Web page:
i just put up another podcast video of how to "cheat" at creating a media player for silverlight. have you been looking at some of these media experiences with all their fancy buttons and dvd player-type overlays, etc. but didn't want to take the time to code your own? well, you don't have to :-) (man that sounds like an infomercial)
in this podcast i demonstrate using expression media encoder as a tool that will essentially generate stub code for you. now keep in mind that expression media encoder itself generates some pretty kick arse templates that may perfectly suit you. but perhaps you want a player that has more branding or a mix of certain elements, etc. well, still use expression media encoder for this. let it output the template and then just change the xaml!
after you watch the podcast (subscribe links on the left panel of my web site if you are reading this in a reader), you'll hear me reference certain named elements for key function points of the player code that is generated. i said i'd call them out here and that is what i'm doing :-). these refer to the named elements in the xaml. they could be canvas elements/groups or objects themselves like a rectangle. as long as they are named specifically the code should work. here's a list of the most popular that i've used and the heirarchy of any children objects they should have. the names themselves are in bold, everything else is just description:
- VideoWindow - this is the key element to display the media and must be a MediaElement node. you can add clipping masks, etc. (as i show in the video), but you must have at least one MediaElement with this name
- PlayPauseButton - the grouped canvas of your play and pause buttons. named this way, the logic is already there to handle certain functions if you don't provide additional animations/timelines (like hide/show).
- PlaySymbol - the symbol for the actual play button
- PauseSymbol - the symbol for the actual pause button
- PlayPauseButton_MouseEnter/MouseLeave/MouseDown - i'm only going to put this here once, but it applies to most of the other elements like StopButton and MuteButton, etc. if you have a timeline named these, it will fire, if you don't some default actions will occur.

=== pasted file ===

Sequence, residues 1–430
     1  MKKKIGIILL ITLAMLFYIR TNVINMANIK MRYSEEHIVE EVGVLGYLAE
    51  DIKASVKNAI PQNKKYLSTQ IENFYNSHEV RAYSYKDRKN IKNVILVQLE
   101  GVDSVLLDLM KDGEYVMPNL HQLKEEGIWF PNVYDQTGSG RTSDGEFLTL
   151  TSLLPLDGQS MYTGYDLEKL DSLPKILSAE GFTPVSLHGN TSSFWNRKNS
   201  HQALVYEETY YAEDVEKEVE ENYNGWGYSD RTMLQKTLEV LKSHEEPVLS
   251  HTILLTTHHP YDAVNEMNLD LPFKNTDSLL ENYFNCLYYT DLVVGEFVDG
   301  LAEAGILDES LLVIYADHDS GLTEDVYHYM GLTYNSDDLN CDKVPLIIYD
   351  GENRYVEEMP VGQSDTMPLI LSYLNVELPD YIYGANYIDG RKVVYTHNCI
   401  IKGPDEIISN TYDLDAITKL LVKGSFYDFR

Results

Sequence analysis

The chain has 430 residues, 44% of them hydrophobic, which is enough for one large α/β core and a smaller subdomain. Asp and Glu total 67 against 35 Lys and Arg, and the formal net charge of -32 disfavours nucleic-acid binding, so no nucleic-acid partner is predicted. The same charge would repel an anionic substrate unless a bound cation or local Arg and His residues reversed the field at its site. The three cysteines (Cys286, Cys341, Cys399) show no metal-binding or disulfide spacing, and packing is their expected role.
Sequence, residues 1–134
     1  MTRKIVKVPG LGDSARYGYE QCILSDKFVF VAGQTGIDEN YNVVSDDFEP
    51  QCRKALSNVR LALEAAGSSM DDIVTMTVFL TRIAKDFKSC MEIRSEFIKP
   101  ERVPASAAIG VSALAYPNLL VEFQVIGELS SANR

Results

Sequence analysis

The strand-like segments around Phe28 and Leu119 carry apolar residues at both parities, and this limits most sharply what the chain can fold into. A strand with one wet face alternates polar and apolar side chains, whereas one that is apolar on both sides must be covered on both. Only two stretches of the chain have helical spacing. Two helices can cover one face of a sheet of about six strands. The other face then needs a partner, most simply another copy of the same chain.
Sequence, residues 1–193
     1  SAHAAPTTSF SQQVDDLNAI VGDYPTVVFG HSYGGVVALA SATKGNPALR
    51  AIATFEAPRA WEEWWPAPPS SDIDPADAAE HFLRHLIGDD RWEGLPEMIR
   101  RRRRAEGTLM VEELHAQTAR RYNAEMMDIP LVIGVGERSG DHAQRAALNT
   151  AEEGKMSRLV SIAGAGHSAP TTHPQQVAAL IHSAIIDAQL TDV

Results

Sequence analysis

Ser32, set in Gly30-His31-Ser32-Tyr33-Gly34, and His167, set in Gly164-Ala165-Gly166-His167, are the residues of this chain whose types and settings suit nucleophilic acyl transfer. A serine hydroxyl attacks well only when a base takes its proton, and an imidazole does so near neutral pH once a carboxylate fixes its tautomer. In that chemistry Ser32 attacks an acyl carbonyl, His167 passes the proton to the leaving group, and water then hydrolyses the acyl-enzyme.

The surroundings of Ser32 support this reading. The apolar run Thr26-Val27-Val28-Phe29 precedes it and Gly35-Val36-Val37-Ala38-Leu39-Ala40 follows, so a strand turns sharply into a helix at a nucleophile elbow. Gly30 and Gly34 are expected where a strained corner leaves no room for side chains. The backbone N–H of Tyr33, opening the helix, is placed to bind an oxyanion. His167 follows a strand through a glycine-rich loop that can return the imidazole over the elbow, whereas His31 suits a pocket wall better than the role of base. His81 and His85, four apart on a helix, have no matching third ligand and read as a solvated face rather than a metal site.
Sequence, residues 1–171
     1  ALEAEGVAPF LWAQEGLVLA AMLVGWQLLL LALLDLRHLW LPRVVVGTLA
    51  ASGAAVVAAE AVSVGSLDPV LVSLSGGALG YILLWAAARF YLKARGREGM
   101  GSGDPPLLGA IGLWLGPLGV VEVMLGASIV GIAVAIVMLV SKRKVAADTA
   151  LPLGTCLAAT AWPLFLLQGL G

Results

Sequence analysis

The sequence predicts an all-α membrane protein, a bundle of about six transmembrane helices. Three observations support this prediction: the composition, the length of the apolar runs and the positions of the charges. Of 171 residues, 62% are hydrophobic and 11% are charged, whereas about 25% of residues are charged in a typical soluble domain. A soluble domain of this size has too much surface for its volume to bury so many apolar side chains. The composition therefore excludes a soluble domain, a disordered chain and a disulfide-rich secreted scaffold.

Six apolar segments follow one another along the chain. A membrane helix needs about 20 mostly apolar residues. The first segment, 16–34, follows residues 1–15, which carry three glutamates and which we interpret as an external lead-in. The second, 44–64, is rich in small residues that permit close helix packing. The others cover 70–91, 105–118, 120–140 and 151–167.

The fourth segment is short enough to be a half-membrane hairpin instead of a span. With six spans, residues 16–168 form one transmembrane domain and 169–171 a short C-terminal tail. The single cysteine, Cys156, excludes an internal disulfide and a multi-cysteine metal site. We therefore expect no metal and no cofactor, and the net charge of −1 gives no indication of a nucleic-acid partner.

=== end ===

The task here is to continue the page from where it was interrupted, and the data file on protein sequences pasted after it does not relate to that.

- StopButton - the symbol for the actual stop button
- Timeline - for displaying the playing progress of the media
- TimeSliderDecoration - the element that shows the full progress
- TimeSlider - the progress growing metere
- TimeThumb - the arrow/object, etc. that shows the point in the progress and the user would drag to adjust the position
- VolumeSlider - the elements making up the volume function
- VolumeThumb - the arrow/object that shows the position of the current volume and the user would drag to adjust
- VolumeUpButton/VolumeDownButton - if you were to use buttons for volume instead of a slider
- MuteButton - self explanatory
- CurrentTimeText - displays the time progress of the media element
- ChapterArea - the area that would display the markers in the media file (dvd-style playback)
- FullScreenArea - the full screen experience root node
there are, of course, more elements to mess with and i'd encourage you to look at one of the more advanced template outputs and start sniffing around to see what you find. the cool thing is that you don't have to have all of them. you'll notice in the podcast that i only put 3 elements on there and there are no errors. the output code handles if an element is there or not for you.
i hope this helps get you started on creating great media experiences with silverlight and expression sooner! if you want the sample player xaml that i used in the podcast, you can download that here.